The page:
Insurance companies are getting new data on another provision of the ACA – no caps on annual or lifetime benefits. Insurance companies are experiencing some very large claims a few of which will cost millions of dollars each.
Some low cost plans are forecast to double in January. Employers overall are more optimistic predicting a 10 percent premium increase next year. Time will tell which is correct.
A third big cost driver is the tax on the so called “Cadillac Plans.” This is a 40 percent non-deductible tax on health care plans costing $10,200 or more for individual coverage or $27,500 for family plans regardless of the cost split between the employer and employee.
A fourth cost driver is the reporting requirement. Employers with over 50 employees must give each employee Forms 1095-C (the statements for 2015) no later than Feb. 1, 2016 (Jan. 31, 2016, being a Sunday).
These same employers must file 1094-C and 1095-C reports with the IRS for the 2015 calendar year no later than Feb. 29, 2016 (or March 31, 2016, if filed electronically). The required IRS forms must contain data tracked month-to-month in 2015, detailing employees’ hours worked as well as employees’ access to employer-provided health care and employee contributions to employer-provided health care. Companies failing to make required reporting will face additional penalties over the A and B.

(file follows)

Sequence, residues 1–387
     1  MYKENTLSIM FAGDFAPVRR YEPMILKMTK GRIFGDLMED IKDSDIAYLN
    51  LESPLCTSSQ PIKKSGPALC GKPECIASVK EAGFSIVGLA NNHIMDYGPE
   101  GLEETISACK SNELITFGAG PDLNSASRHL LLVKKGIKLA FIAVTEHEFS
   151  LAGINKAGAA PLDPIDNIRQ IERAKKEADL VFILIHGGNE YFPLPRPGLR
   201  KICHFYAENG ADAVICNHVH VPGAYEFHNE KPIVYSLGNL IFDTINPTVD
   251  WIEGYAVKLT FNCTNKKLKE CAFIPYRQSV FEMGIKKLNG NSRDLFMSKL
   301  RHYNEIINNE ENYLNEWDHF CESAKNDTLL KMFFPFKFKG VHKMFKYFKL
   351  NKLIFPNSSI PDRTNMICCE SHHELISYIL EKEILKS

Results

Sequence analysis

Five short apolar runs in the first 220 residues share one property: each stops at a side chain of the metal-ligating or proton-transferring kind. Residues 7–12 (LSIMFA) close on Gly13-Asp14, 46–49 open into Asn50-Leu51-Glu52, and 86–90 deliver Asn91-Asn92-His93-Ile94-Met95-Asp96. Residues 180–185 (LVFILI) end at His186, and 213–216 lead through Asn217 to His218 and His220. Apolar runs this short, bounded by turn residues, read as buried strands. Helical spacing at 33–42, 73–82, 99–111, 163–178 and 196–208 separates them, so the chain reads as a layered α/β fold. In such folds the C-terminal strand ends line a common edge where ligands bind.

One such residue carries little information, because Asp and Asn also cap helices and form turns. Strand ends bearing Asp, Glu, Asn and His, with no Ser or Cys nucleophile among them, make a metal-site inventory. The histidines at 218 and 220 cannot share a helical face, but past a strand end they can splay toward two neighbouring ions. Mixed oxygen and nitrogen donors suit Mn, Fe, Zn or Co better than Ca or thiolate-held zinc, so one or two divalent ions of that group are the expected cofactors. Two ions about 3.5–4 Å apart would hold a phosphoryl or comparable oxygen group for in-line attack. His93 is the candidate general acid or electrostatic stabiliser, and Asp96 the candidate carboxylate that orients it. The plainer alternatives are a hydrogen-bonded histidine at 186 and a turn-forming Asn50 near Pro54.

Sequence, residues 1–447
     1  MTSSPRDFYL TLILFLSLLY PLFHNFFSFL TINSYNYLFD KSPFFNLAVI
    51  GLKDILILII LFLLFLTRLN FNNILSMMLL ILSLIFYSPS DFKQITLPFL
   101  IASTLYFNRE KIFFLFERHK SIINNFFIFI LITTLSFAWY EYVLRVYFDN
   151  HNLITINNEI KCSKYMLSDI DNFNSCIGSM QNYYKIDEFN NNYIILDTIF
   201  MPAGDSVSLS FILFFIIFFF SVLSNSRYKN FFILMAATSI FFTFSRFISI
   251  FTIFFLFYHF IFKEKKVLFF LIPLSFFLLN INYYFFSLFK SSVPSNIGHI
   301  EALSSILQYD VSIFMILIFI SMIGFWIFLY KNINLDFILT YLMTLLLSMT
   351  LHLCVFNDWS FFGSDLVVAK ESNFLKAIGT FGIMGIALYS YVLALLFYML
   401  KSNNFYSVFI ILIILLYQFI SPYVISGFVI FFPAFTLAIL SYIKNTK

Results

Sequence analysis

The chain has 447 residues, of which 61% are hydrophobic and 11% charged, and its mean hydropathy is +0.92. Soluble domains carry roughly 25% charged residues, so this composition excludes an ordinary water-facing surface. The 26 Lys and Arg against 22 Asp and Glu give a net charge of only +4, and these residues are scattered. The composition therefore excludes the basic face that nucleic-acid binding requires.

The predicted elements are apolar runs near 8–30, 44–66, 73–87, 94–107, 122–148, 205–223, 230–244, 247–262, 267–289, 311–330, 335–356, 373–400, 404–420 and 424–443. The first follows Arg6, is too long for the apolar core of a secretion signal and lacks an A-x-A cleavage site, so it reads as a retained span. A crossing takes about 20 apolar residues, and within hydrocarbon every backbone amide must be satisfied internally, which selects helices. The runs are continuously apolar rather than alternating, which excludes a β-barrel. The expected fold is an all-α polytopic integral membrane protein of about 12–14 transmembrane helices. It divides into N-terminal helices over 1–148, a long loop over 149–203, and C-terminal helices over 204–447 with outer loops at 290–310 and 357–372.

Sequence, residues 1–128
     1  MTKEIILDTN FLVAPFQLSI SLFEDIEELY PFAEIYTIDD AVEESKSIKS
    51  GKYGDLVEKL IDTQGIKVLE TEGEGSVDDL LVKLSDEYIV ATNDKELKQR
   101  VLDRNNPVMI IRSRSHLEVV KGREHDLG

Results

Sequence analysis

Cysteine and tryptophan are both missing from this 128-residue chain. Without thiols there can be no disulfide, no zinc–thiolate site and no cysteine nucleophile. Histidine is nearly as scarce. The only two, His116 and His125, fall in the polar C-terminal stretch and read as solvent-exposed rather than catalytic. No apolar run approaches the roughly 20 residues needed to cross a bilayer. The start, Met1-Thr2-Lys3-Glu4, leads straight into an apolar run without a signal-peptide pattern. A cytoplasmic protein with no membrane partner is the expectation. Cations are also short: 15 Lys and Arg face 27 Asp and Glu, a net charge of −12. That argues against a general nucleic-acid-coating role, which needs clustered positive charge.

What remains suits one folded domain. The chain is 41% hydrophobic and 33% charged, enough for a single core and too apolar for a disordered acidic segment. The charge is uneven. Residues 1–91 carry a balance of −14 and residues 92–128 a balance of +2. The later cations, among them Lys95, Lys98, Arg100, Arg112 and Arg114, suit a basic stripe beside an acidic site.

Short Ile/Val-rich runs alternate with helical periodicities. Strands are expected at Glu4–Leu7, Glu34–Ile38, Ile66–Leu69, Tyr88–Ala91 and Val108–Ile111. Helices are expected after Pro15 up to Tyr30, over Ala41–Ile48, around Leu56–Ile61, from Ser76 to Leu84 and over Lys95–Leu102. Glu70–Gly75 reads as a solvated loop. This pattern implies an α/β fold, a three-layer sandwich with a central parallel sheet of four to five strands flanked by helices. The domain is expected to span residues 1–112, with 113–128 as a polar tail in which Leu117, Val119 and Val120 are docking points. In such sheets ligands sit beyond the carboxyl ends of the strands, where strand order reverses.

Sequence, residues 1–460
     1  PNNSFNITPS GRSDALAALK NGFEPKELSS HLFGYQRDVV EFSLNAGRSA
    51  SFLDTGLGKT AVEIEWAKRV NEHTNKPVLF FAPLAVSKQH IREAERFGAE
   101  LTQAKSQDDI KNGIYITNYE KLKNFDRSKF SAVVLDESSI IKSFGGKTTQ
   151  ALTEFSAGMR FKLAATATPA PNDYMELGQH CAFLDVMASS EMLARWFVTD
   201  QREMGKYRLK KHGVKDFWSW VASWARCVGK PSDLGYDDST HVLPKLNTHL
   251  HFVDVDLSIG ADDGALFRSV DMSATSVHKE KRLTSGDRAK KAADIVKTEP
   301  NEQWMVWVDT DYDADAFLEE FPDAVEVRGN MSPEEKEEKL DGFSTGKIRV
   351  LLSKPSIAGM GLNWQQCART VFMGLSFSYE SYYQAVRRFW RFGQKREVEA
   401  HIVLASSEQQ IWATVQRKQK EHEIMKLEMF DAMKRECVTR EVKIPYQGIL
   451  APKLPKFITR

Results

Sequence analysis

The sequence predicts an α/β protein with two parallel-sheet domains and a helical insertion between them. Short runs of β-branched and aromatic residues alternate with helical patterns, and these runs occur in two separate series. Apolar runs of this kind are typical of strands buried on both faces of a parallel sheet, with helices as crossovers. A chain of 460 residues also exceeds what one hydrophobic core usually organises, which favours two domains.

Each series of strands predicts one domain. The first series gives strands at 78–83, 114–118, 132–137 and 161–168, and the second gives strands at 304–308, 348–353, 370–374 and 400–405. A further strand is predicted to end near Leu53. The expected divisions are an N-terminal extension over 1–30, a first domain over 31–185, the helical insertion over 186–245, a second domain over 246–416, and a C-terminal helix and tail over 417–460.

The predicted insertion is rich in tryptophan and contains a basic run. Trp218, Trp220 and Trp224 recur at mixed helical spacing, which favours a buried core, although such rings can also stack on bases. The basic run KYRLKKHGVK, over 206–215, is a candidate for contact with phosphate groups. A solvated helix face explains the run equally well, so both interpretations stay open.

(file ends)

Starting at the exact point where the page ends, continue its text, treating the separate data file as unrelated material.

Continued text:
Staffing companies are among those employers affected by the changes. John Rutledge Sr., vice president of Assurance Agency’s Staffing Practice, had some advice that is important for all employers:
“The most important items staffing firms need to pay attention to are, 1. selecting an option early – by Sept. 1 or shortly thereafter. There are options for staffing firms but not many, and the health insurance industry will experience unprecedented volume the last four or five months of the year; (2) pay attention to how catastrophic claims will be handled under each option – with the possibility of one or more catastrophic claims, it’s important to understand the implication; and, (3) make a decision right now on how you’ll handle the ACA reporting – this can be outsourced and it will be expensive but many vendors, who do this, are already beginning to turn business away. Many, many staffing firms will find themselves unable to get help with this very important item if they don’t act now.”
For employers with 100-plus full-time employees or part-time equivalents, penalties for noncompliance with the ACA’s requirements will be assessed in 2016 based on 2015 data. For those with 50 to 99 full-time employees/equivalents, penalties will be assessed in 2017 based on 2016 data.
In conclusion, employers need to begin planning for 2016 to be in compliance and establish a clear strategy to control costs.
Employers should be prepared to educate their workforce about upcoming changes. Employees can then make better decisions and enjoy significant savings.
SurfKY News Group, Inc.